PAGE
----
Content varies from quarter to quarter.
ECONOMIC DIPLOMACY: GOVERNMENT, FOREIGN POLICY, AND THE GLOBAL ECONOMY.
The global economy is based on a complex system of rules developed over the past 150 years (but especially since the end of World War II). Thus, the shape of the global economy today is not accidental or solely due to market forces but is the result of negotiations that take many forms but primarily are between national governments. This is economic diplomacy.
In this course, we will trace the development of the post-war (1944-present) global economy, by examining, on a case-by-case basis, some of the ways in which diplomacy created and, over time, transformed key international economic institutions; encouraged and regulated an ever-expanding global system of trade and finance; and dealt with some of the myriad problems and crises of the world economy. We will focus particular attention on the motives – political and economic, domestic and international – that drive economic policy and diplomacy as governments pursue their national interests in a complex and often unstable global arena.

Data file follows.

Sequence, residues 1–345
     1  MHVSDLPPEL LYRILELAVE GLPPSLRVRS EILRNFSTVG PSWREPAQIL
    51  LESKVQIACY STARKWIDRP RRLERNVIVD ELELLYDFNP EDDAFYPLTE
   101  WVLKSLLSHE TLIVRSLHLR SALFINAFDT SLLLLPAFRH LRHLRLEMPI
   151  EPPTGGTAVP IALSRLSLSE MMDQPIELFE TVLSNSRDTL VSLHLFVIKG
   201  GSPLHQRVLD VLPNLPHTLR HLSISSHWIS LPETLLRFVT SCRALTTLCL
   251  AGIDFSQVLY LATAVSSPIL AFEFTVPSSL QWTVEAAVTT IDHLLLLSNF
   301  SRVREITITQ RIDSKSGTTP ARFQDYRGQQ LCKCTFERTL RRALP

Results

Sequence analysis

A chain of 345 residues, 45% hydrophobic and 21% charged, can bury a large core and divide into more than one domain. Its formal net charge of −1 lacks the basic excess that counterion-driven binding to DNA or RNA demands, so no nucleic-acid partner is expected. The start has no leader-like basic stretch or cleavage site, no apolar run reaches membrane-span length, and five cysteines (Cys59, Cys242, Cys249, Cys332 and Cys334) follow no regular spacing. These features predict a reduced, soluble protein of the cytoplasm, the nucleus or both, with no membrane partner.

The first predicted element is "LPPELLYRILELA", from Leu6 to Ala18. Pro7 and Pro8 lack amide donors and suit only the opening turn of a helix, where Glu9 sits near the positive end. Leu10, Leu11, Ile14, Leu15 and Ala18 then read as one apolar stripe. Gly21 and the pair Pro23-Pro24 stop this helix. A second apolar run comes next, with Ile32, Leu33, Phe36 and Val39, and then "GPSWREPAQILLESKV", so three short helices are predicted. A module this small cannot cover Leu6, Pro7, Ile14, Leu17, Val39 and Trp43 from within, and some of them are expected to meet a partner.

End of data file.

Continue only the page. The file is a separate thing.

The course will utilize readings, lectures, and classroom discussion to understand both the specific elements of each case and the broader implications for the global economy. Writing assignments will be aimed at reinforcing that understanding, supporting class discussion, and introducing students to the basics of drafting policy recommendations for senior officials.
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